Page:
May 272013
 

A recent acquisition to my personal collection is a wet plate photograph by Barry Schmetter. The wet plate collodion process was introduced in the 1850s. The resulting photographs are quite wonderful with great detail. There are a number of wonderful articles out there with more details on the process so I won’t rewrite them. Find some details here and here. Wet plate chemistry is complex and outside of the usual repertoire of the average darkroom.

The image is of three Vervet monkey skulls. He and I share a background in science, so I was quite excited to see the skulls. They bring me back to memories of my evolutionary biology class.  From technique to image content, I’m quite happy with the work.

skullsweb

I received the photograph unframed, and developed several designs including a black-on-black Louis the 14th frame, but in the end I had commitment issues. I called my longtime framer friend Mark at Design Frames in Falls Church, VA, and asked him to give it a shot. He has a tremendous deal where you leave the art, and he picks the design. I may have talked about this before. With anyone else, I could not leave it in their hands, but I know he’ll always develop something tremendous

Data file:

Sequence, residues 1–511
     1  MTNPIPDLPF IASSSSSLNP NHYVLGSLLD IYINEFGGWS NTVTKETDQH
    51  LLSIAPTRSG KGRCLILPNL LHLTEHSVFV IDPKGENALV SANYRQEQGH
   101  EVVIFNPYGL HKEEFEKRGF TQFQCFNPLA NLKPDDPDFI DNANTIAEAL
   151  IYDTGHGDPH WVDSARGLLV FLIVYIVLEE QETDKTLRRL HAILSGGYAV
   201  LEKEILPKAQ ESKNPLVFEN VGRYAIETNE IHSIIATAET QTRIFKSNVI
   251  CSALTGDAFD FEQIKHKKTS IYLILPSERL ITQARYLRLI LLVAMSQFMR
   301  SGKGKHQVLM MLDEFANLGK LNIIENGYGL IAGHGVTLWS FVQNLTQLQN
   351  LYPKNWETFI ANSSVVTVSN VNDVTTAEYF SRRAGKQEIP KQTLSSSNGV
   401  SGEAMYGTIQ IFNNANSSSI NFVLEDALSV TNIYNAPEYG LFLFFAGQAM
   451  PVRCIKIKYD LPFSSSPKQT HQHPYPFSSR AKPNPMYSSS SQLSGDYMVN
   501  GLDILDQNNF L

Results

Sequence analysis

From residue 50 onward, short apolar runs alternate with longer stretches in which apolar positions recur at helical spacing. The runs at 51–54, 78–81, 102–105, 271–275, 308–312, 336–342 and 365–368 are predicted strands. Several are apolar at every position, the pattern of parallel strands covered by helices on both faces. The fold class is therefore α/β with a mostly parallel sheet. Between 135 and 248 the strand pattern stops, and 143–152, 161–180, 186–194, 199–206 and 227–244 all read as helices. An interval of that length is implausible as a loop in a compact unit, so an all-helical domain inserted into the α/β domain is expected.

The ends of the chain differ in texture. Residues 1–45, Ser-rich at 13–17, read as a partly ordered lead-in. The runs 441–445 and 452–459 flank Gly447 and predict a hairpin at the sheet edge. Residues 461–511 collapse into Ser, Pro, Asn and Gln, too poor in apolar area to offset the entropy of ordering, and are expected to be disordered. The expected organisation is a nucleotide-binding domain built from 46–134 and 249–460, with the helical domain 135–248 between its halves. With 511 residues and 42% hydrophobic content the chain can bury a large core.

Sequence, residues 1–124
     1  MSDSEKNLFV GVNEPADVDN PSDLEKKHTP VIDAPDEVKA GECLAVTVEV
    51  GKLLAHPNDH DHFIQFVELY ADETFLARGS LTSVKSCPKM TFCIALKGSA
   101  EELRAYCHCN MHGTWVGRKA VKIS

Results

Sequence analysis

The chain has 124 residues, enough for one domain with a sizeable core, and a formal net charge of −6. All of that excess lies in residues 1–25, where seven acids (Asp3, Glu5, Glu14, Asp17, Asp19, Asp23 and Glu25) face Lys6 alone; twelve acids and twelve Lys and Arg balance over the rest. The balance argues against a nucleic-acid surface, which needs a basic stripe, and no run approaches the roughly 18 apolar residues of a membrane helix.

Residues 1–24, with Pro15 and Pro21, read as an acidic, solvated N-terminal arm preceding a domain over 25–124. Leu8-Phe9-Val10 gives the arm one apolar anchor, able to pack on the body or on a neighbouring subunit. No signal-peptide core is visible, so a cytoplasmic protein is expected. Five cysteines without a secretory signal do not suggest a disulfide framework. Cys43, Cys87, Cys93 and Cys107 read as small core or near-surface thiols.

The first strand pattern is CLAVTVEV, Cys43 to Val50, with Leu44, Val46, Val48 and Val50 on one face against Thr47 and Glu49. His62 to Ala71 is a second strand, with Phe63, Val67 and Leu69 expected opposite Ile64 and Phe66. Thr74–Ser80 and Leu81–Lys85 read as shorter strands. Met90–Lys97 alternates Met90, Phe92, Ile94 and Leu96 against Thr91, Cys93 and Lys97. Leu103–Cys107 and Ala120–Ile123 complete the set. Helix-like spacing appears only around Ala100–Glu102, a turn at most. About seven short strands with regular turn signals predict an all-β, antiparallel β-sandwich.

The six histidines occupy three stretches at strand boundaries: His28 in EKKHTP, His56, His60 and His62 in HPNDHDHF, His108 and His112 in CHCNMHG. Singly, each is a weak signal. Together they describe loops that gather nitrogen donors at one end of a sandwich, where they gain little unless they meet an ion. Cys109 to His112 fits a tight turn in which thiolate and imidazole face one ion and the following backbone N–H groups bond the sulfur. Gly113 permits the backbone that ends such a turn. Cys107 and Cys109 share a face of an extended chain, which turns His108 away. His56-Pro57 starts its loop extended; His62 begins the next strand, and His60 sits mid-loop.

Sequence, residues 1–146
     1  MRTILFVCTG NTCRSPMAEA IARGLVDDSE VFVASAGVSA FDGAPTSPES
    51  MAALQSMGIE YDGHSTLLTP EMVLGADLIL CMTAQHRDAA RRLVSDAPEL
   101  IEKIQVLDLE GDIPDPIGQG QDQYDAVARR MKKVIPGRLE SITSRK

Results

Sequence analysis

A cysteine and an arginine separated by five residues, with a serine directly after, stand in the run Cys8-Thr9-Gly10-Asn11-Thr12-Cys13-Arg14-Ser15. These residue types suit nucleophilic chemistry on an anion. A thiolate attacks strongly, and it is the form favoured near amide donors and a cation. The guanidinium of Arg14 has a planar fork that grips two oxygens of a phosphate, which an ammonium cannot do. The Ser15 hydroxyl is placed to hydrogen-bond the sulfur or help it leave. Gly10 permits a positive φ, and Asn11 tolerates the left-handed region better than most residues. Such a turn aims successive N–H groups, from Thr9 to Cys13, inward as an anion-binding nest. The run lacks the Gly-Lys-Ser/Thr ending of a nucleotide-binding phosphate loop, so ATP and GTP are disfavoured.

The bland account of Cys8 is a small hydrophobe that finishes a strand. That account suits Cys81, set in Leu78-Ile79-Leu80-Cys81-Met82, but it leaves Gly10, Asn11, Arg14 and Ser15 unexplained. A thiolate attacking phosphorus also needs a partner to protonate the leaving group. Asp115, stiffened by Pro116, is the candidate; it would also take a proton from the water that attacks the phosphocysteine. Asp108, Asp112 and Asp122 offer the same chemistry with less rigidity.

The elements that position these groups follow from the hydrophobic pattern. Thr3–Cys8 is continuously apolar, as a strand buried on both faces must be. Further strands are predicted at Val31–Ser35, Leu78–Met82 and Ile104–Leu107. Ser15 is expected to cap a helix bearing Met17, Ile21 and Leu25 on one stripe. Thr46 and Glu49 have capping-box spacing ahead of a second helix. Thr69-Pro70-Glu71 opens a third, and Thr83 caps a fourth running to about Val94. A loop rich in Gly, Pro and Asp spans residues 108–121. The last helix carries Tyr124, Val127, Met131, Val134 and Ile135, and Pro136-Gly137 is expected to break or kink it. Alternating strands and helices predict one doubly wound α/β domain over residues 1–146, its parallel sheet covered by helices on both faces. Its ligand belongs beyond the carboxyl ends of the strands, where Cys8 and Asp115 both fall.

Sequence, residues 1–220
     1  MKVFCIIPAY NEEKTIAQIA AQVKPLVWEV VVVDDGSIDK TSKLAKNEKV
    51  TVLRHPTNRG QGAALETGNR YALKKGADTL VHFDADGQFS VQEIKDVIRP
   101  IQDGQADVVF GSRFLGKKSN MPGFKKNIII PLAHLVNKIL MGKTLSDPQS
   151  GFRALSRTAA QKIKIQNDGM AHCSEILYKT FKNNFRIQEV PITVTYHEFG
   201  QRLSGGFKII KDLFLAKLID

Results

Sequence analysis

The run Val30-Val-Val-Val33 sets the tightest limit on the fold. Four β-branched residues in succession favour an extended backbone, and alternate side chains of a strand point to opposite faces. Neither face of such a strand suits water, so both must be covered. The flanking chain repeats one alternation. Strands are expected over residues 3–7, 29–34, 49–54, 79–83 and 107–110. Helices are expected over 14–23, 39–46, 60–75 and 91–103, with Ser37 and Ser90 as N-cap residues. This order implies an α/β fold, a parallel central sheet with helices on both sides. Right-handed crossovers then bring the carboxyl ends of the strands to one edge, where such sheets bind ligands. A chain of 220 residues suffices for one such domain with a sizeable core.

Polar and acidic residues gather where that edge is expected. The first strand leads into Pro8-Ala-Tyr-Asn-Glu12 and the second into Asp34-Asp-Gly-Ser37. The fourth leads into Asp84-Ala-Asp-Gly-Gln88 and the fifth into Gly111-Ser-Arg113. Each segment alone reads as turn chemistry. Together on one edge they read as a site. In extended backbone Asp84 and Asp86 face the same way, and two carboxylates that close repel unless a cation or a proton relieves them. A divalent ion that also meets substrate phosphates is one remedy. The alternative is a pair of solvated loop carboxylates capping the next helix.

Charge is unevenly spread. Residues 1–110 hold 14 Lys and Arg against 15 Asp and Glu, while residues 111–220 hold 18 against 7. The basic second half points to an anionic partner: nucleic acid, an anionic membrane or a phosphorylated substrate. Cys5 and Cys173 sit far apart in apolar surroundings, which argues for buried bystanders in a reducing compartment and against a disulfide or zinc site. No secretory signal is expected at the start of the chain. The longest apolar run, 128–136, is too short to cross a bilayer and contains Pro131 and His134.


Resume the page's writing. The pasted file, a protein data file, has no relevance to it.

Mark went above and beyond the call of duty here. There are several layers of mats and spacers, with the wet plate floating. He included leather below the work, suede on the top mat finished with a nice detailed gold frame and museum glass! The frame gives the work a sense of age!

The work resides on a wall with a framed electron micrograph from a retired Georgetown University scientist, and an etching of a dead pigeon from Henrik Sundqvist. I think the 3 images play well together with themes of life and science. More on those works later.

 

 

 Posted by at 11:59 pm